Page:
Women’s Movements and Engagement with Economic Equality Question

It’s a bit strange when big shot academicians say women’s movements in India have done very little to address economic questions of ‘the other sex’ and go on further stating that the only achievement of feminist movements is that they have pressurized for social change through framing of laws like Sexual Harassment at Work-place, Protection of Women from Domestic  Violence or the ongoing movement against Triple Talaq and entry in religious places etc. etc. The given critique of feminist movements in India restricts the social, culture or say ‘sexual’ space as their only sphere of influence.For that matter even in the given critique, the struggle against Armed Forces (Special Powers) Act in Kashmir and Manipur by women including the participation of Irom Sharmila and fight of Soni Sori, Dayamani Barla against corporate and Indian state’s hand in hand oppression is not included at all. Mum! about it.

According to men of papers, the women movements have undertaken the struggle without addressing structural economic questions. I can be wrong, but I feel it is misplaced judgement, starting from the struggle of beedi workers in 80s, Chipko Movement in 70s, (we only know two names- Sundarlal Bahuguna and Chandi Prasad Bhatt, nothing against them, but those are just two men in the movement of hundreds of women), creation of Mahila SEWA Bank 1974 (10 years before Yunus Khan thought about smaller credit -unfortunately called micro-finance loans, which apparently are given at skyrocketing rate of interests from the grants Mr. Khan received from aid agencies) to recent policies for domestic workers, Street Vendors law and wastepickers inclusion in Solid Waste Management Rules, women were and are in the center stage of the struggle, tragedy is that the understanding of these initiatives is made gender neutral by the men of words. All these struggles are exemplary example of the fact that women’s movements have pursued for ownership of means of production and incrementally worked towards greater economic equality, which is a distant goal but not unreachable.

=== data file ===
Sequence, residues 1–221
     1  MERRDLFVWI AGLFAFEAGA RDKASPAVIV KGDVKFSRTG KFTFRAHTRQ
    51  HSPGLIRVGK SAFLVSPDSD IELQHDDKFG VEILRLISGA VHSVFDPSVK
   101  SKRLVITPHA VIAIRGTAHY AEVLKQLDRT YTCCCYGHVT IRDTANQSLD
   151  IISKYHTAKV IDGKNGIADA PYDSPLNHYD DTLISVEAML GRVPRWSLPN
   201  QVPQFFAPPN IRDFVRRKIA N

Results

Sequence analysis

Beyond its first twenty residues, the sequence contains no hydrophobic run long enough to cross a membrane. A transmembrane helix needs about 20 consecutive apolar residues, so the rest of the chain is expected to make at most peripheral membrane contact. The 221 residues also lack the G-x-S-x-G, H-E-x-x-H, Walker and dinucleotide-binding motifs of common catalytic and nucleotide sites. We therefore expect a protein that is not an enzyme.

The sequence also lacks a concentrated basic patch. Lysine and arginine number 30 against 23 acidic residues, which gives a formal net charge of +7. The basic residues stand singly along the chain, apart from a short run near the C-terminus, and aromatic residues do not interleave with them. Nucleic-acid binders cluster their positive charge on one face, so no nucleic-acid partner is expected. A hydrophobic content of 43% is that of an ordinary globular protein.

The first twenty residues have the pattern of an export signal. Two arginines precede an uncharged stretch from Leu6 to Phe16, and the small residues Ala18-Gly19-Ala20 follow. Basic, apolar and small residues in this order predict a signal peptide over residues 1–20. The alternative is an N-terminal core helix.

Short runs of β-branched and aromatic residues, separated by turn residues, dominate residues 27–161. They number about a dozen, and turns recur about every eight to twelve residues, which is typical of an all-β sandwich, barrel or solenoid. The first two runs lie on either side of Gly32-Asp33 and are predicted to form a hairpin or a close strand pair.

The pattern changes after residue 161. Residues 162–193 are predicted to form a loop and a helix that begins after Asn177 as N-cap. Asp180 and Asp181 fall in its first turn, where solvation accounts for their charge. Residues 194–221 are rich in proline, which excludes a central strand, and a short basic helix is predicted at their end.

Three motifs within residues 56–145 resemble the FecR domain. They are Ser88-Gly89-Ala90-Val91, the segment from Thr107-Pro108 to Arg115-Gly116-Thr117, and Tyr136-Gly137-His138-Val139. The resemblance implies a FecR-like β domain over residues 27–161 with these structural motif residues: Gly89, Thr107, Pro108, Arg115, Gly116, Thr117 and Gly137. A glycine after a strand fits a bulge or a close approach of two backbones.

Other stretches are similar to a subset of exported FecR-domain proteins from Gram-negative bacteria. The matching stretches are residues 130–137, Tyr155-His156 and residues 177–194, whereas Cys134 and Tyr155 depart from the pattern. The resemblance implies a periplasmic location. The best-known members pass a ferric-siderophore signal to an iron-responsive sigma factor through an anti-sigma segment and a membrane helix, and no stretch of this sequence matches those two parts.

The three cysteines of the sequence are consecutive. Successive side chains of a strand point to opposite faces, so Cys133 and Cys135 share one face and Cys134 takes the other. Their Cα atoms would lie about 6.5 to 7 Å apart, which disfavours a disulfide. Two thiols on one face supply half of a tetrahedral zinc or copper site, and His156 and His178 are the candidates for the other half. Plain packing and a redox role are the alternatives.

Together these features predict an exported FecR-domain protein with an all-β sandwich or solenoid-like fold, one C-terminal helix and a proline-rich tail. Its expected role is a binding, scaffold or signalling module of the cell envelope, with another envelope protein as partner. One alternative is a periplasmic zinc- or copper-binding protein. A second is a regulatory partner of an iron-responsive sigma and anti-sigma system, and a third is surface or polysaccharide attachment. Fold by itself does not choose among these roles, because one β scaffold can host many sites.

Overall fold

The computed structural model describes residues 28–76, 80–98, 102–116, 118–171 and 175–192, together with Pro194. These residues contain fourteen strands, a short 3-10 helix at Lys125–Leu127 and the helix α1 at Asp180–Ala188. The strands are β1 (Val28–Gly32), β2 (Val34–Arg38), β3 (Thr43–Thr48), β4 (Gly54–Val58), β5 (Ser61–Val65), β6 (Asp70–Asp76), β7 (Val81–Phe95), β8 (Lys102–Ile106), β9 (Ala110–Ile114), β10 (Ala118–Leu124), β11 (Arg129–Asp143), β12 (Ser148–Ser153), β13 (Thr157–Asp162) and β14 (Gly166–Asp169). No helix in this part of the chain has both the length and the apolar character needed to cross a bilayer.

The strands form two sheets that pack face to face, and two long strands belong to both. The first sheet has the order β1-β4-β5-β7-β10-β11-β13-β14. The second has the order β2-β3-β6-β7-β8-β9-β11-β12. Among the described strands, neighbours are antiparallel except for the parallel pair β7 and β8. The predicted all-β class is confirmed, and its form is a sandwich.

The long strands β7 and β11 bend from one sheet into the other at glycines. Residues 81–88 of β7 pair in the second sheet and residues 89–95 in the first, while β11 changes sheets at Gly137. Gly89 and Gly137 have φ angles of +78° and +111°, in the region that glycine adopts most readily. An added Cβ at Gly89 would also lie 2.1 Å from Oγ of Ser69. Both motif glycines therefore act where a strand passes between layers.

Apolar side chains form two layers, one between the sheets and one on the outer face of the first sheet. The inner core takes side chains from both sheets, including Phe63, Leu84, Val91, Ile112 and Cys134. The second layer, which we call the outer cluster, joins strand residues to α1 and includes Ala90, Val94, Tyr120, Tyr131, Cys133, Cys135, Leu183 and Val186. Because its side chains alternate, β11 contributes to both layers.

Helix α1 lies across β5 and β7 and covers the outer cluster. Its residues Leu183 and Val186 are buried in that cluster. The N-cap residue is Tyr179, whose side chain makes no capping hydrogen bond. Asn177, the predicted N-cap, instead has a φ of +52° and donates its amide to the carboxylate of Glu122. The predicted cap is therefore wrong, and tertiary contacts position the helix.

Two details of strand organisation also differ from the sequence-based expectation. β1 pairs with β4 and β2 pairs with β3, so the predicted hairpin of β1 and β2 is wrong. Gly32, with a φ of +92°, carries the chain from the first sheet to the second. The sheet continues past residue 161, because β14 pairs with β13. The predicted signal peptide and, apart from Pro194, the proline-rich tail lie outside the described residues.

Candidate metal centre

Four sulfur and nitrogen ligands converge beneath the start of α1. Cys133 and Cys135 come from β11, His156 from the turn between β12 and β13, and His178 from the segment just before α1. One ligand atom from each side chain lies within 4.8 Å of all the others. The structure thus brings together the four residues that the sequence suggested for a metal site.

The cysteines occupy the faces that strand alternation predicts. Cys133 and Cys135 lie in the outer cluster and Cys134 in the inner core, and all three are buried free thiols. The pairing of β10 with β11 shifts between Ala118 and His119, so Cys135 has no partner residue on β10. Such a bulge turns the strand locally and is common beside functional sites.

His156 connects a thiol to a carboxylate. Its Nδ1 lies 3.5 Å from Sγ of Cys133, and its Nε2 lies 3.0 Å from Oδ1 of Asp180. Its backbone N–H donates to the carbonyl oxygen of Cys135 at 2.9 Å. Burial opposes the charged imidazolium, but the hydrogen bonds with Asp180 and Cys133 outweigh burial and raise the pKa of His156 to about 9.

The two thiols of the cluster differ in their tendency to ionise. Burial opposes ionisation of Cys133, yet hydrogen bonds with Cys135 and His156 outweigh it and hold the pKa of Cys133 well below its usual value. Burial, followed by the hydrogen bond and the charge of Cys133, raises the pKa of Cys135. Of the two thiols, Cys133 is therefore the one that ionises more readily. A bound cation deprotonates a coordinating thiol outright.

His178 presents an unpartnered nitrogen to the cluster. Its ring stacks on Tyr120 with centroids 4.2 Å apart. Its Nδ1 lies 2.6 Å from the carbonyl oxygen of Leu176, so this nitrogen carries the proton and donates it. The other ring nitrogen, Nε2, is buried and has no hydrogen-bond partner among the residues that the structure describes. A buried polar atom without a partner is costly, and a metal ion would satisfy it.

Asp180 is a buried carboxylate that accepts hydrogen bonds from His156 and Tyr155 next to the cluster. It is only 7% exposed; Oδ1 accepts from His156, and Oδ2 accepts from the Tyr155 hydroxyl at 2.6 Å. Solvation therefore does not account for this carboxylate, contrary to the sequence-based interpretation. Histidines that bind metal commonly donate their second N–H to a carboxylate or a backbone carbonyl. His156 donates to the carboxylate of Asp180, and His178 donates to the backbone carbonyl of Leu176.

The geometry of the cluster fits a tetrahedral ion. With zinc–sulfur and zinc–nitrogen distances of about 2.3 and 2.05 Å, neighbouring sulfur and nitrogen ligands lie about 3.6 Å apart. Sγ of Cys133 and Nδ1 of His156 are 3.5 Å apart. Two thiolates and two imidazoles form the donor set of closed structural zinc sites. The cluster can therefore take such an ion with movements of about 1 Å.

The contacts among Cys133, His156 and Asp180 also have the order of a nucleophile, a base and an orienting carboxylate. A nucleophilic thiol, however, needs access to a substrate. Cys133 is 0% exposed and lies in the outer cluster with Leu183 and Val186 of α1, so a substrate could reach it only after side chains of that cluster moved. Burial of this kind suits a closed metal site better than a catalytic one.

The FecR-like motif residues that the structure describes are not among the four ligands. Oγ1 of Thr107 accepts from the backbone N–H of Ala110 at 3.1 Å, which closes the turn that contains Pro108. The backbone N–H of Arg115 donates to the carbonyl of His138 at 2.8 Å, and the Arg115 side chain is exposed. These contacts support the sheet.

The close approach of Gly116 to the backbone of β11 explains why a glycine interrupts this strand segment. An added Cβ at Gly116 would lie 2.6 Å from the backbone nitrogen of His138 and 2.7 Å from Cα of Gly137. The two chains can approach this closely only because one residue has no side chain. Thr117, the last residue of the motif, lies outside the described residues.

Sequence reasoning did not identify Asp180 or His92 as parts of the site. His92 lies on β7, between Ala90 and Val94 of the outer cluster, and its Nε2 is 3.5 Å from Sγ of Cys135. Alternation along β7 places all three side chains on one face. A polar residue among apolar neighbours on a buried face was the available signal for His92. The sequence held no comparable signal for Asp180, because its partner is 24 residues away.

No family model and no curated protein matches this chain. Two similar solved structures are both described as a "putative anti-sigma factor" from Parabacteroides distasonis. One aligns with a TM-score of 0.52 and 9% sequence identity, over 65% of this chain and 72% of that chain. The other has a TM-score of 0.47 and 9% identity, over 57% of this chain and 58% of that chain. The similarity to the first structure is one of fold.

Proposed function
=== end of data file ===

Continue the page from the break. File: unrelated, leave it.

Sadly, female academicians too fail to recognize the same, and rarely talk about it. One reason of it can be is that these struggles were and are waded by women who don’t necessarily speak English and also at times are not ‘literate’ thus their feminism not worth discussion  in academic spaces. This post by no means demeans of what has been achieved in the form of laws penalizing violence against women and push for social equality, instead it rather adds that there is more to the story of feminist movements in India, not visible to English Speaking Male Dominated Academia.


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